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Diocesan Profile


Soroti Catholic Diocese is located in the North-eastern part of Uganda approximately between Longitudes 33°10’ E and 34°17’ E and Latitudes 1°10’ N and 2°27’ N. The Diocese lies in altitude between 1036 m and 1127 m above sea level. It borders Kotido and Moroto Dioceses in the North and East, Tororo Archdiocese in the South, Jinja and Luwero Dioceses in the Southwest (along Lake Kyoga) and Lira Diocese in the North-west. Its Headquarters, Soroti lies a road distance of about 320 Km from the National Capital, Kampala, by the most direct route. 
Geographical coverage & Population:
Soroti Catholic Diocese is located in North-Eastern Uganda. The Diocese covers the ten (10) civil districts of Teso Region, namely, Amuria, Kaberamaido, Kalaki, Kapelebyong, Katakwi, Kumi, Ngora, Serere and Soroti. It covers an area of 12,921 sq. km. Of this 10,983 sq. km (85%) is land, and the rest is covered by water bodies, largely by the norther parts of Lake Kyoga and its tributaries.
The Diocese is bordered by Lira Diocese (Lango sub-region) in the North & North-West, by Kotido and Moroto Dioceses (Karamoja sub-region) in the East & North-East, by Tororo Archdiocese in the South-East, and by Lake Kyoga in the South-West. Of the 2,917,391 people in Teso, the estimated Catholic population is1,629,521people.

Geographical coverage by District:


Total Area (Sq. Km)

Amuria & Kapelebyong




Kaberamaido & Kalaki














Vegetation, Climate and Soils:

The vegetation of the Diocese can be described as Savannah grassland. 
The Climate of the Diocese is characterised by two seasons: wet and dry. The rainy season runs from March-June and from September to October. However, in recent years, the weather pattern has become unpredictable with peaks of adverse weather in certain periods. Generally, the North-eastern section of the Diocese receives less rain than the rest of the Diocese. The soil type ranges from loam to sandy with varying degrees of fertility from one place to another.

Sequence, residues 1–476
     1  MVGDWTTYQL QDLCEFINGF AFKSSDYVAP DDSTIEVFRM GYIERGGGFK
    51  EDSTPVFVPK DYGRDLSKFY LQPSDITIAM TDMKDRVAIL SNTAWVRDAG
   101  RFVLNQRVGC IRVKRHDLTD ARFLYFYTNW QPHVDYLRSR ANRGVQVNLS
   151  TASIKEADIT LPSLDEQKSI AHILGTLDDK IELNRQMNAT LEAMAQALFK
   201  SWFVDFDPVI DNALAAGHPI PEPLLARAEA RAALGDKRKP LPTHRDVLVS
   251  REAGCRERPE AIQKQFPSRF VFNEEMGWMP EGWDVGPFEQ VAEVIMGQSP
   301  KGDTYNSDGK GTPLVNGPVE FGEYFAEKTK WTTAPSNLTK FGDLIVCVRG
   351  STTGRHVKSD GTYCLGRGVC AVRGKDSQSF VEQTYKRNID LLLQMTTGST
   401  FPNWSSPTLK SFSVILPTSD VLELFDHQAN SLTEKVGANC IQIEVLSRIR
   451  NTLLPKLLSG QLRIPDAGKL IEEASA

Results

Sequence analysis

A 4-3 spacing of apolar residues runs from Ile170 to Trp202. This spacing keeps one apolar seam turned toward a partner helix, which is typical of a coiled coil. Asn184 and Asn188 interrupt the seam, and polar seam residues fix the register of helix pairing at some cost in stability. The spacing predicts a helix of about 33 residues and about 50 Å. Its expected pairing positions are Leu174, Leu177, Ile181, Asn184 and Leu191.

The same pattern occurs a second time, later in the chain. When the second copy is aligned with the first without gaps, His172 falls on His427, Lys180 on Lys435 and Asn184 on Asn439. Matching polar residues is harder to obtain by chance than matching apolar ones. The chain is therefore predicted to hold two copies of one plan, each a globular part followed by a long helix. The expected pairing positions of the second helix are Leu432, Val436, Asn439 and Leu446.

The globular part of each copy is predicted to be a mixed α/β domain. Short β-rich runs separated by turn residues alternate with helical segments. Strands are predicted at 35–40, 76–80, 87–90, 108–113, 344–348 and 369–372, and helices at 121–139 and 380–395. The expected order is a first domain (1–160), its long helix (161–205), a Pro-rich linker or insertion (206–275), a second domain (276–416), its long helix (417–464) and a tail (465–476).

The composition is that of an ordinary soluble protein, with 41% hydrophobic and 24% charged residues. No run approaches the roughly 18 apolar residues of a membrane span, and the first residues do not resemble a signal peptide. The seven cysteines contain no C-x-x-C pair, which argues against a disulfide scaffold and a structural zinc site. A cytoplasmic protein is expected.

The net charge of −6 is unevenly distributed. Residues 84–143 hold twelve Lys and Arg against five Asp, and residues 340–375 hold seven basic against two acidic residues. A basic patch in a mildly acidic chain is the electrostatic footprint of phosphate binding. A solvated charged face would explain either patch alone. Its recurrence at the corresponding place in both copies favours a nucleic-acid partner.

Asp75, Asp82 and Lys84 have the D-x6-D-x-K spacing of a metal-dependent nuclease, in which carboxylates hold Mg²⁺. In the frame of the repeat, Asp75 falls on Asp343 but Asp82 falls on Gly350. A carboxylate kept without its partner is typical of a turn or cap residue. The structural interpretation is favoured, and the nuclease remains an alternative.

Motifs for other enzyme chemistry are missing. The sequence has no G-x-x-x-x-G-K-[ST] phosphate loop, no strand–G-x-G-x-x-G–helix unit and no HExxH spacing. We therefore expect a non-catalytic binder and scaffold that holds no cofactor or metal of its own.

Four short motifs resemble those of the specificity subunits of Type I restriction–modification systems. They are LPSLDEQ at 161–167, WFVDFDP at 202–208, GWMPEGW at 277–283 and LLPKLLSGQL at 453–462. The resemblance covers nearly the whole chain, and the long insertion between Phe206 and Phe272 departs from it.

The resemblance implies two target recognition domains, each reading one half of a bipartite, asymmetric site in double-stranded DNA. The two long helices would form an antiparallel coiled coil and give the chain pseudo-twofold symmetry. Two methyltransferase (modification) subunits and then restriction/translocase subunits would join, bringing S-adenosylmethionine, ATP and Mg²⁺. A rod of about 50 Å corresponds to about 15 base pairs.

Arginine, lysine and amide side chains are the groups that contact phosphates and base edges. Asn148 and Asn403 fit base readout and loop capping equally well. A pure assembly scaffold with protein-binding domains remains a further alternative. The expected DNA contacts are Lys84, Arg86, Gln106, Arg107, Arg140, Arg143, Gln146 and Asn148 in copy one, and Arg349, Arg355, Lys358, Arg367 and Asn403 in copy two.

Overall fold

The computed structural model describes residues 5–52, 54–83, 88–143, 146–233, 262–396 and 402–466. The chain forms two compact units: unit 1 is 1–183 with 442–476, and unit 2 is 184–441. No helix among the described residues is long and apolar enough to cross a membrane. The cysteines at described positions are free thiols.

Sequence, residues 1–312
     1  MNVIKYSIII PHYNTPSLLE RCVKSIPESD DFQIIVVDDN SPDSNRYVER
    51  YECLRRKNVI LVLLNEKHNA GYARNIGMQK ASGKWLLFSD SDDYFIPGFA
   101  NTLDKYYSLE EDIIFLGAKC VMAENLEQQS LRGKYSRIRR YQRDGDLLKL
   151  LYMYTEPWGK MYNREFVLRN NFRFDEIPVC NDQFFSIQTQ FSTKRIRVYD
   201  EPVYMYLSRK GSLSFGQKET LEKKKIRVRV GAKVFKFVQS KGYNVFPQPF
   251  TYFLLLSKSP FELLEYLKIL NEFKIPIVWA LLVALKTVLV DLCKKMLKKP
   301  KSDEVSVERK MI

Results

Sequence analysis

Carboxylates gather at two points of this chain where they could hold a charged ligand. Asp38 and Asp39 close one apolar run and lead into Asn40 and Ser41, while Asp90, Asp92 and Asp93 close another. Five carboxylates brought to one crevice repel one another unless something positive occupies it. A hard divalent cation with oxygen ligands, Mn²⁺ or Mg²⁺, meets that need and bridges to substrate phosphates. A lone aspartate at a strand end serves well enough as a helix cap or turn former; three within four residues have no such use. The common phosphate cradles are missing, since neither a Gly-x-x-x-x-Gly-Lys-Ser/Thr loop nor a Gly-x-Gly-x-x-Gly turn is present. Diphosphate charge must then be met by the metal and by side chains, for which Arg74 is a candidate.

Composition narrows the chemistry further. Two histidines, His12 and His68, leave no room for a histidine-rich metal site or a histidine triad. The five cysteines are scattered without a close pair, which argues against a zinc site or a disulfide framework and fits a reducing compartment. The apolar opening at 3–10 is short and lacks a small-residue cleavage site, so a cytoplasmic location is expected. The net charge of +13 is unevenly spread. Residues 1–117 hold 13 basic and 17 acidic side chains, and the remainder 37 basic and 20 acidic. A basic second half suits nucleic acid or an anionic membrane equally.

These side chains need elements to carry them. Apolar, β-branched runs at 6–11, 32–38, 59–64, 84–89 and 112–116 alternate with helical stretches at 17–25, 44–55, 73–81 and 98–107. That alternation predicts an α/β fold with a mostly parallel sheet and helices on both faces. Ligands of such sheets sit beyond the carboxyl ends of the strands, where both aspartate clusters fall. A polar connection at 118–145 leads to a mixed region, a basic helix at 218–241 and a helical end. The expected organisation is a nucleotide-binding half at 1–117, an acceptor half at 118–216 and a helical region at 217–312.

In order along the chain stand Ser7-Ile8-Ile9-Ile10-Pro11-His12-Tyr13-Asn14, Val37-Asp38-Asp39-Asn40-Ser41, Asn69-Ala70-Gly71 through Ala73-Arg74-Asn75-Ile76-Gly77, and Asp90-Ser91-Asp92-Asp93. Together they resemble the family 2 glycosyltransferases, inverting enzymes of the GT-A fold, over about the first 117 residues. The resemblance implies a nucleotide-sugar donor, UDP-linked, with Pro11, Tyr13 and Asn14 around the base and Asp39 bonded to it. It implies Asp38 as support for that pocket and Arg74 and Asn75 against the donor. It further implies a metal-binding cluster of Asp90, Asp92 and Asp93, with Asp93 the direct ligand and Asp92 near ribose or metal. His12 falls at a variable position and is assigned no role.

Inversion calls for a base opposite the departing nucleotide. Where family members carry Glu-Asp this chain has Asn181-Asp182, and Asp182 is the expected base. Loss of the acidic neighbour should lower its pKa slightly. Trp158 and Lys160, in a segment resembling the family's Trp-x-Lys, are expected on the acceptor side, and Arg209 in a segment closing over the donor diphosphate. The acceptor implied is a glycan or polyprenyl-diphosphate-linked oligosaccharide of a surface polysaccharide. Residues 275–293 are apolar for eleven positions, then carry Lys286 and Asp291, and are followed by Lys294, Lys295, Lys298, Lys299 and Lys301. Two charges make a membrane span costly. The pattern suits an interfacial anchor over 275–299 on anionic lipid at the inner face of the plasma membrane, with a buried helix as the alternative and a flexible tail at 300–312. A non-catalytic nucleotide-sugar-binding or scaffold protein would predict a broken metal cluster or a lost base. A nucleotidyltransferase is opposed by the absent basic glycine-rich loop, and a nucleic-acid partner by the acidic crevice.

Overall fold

Socio-Economic Background:

A majority of the people in the Diocese earn their living through small scale crop production and livestock rearing as their traditional livelihoods. The major crops grown include cassava, groundnuts, millet, sorghum and sweet potatoes while the livestock includes cattle, goats, sheep and poultry. Other economic activities include fishing and petty trade.
Over the years, the economic base has continuously been distorted by cattle rustling by armed Karimojong warriors, which lasted for over three decades.This was punctuated by two bouts of rebel activities; first by the Uganda People’s Army (1986-1992) and, later, by the Lord’s Resistance Army (2003). These resulted into mass displacement of persons and loss of most productive assets and capital for communities throughout the region. The difficult economic situation in the region has further been aggravated by harsh and unpredictable weather patterns. As a result of unpredictable economic security, the communities are slowly adopting other non-traditional economic activities, especially petty trade and small-scale production.

Political Background:

It is important to note that the period 1986-1992 was characterised by civil strife and cattle rustling by the Karimojong that resulted into immense destruction of productive assets, loss of human lives and displacement of the population. The impact of these atrocities was manifested in the collapse of the socio-economic stamina of the population.